Translating English that doesn't obey the rules :)
Thread poster: hfp

hfp
United States
Local time: 19:43
Spanish to English
+ ...
May 27, 2009

Hey, everyone. What are your thoughts on translating grammatically incorrect English into Spanish? I guess this question could apply to other languages too, but Spanish and English are the only languages I work with. I once read a Spanish translation of Mark Twain's Huckleberry Finn and it was pretty strange because the Spanish translation of the dialogues and narrations were often written in correct Spanish, whereas the English sentences were understandable, but not written in traditionally correct English. There was a forward that mentioned that the English version was written with several grammatical flaws, intentionally, but that was all. Is this just a time where you have to make sacrifices and allow some things to be lost in the translation?

This sentence is not from the book, but you could see it in southern literature from the United States.

"I ain't goin' do nothin' you say."


 

conejo  Identity Verified
United States
Local time: 17:43
Member (2003)
Japanese to English
+ ...
Hmm May 28, 2009

That kind of thing is a good question. I think in most (?) cases, those types of things wouldn't translate over. And if the translator did translate them, it might come out sounding odd in the target language, because it might not come across with the exact same nuance the original had, if it was translated into grammatically incorrect target language.

It's not exactly the same subject, but this reminds me of when I was watching an American comedy movie with my host family in Japan. The movie was subtitled in Japanese, so I was listening to the English sound and they were reading the Japanese subtitles. In some places I busted out laughing, but they didn't laugh because the joke was structured around language and didn't really translate over into Japanese.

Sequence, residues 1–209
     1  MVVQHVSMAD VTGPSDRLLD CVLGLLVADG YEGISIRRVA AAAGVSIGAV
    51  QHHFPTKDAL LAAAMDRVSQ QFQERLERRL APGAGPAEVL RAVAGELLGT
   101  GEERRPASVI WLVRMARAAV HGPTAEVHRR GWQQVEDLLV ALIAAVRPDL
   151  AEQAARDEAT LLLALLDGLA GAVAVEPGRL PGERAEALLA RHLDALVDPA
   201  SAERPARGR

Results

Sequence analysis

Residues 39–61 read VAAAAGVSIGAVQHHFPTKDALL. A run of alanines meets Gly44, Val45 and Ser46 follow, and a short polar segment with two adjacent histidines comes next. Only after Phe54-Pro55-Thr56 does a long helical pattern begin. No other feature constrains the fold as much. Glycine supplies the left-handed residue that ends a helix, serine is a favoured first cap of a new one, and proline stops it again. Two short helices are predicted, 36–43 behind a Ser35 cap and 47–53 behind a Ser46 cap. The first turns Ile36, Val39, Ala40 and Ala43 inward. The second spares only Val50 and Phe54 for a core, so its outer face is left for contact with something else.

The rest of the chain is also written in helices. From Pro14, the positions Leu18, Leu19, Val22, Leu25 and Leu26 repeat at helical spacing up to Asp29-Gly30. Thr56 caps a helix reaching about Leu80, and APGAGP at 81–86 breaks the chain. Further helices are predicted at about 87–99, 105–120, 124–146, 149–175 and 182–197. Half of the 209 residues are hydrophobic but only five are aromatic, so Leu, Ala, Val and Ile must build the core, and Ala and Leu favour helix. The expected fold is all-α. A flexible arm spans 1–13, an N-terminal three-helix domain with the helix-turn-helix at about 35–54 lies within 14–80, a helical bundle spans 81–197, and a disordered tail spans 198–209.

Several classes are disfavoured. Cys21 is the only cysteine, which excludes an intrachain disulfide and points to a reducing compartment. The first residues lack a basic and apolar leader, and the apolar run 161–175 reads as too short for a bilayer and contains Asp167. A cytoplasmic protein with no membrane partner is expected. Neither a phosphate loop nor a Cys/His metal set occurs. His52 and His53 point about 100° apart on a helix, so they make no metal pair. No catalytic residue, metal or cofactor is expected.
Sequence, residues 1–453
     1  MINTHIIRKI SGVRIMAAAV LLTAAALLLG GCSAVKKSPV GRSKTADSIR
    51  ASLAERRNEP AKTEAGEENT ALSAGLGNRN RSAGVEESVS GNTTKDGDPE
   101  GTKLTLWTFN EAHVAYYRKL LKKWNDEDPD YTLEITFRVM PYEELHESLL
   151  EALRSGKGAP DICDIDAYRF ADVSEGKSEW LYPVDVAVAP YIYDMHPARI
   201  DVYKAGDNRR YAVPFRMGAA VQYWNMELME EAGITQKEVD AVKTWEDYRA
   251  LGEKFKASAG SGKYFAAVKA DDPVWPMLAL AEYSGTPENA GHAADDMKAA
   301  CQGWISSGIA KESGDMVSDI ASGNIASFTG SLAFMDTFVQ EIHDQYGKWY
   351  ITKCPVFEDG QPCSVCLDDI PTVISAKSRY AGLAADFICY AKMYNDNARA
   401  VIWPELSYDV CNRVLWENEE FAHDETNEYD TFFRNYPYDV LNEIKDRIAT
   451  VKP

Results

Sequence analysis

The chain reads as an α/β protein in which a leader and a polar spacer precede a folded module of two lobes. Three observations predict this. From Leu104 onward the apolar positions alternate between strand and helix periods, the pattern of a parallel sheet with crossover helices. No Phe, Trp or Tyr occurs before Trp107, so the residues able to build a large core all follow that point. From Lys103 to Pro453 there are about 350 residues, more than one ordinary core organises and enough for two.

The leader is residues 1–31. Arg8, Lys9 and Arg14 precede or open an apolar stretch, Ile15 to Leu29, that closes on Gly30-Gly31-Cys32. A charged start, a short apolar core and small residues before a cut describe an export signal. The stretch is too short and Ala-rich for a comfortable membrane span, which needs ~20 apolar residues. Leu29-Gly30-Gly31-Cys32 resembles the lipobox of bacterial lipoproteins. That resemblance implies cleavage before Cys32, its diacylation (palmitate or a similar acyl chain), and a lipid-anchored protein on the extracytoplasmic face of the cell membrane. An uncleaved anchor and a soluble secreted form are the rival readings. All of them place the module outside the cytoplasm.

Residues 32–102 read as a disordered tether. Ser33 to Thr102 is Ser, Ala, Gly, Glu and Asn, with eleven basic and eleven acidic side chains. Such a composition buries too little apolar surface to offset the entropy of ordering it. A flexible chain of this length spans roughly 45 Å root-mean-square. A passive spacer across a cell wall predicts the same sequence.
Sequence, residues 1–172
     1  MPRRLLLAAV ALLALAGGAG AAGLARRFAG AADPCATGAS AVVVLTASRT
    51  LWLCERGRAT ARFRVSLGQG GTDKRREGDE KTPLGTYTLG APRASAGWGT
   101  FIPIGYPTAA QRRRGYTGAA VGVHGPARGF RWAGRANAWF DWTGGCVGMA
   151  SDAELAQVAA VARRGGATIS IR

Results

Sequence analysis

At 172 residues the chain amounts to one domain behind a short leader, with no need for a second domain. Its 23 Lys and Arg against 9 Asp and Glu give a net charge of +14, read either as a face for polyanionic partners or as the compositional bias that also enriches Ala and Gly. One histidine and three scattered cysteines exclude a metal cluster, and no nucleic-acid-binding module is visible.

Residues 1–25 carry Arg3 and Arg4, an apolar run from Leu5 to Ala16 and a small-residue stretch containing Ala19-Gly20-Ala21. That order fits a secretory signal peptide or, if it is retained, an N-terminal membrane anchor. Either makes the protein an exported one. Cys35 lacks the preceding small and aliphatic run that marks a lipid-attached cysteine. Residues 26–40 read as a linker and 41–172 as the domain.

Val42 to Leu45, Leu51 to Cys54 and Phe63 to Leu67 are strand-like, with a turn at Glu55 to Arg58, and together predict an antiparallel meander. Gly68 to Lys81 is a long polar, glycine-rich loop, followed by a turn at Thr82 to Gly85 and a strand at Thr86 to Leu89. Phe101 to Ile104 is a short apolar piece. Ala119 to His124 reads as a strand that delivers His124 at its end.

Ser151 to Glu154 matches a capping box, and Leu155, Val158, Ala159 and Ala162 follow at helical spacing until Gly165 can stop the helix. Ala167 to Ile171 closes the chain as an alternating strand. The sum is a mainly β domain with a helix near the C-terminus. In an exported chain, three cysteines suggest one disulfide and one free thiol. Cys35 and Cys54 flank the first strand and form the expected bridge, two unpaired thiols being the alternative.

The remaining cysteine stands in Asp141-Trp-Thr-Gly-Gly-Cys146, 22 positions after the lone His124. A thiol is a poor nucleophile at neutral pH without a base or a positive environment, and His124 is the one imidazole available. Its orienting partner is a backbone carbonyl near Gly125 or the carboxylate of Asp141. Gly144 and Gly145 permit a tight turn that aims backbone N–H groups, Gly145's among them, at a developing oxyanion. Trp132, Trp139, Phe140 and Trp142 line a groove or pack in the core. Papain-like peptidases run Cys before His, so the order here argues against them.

One of those hard things about translation, I guess.


 

Andrea Riffo  Identity Verified
Chile
Local time: 19:43
English to Spanish
It depends May 28, 2009

Hi!

I'm not a literary translator, but in the example you cite, I'd say that at least the dialogues should've been rendered in an Spanish that matched the English register/style. Being Mark Twain's work, I think we could safely assume that he did not pen them in 'agrammatical' English by chance or for kicks; just like I think it's safe to assume that José Saramago doesn't omit punctuation due to ignoranceicon_razz.gif

There's a novel I'm pretty fond of, called Flowers for Algernon, in which the main character goes from being a man with a low IQ to a man with an extremely high IQ, and everything in the narration reflects this change: the spelling, the sentence structure, punctuation...

With that said, I believe that some things just cannot be transmitted from one language to another.

On the other hand, outside the realm of literary translation, I at least write in proper Spanish and correct convoluted, hard to understand sentences for the reader's benefit. Unless, of course, there's an intention behind the weird sentence structure (case in point: in a research paper, examples of sentences said by aphasic patients).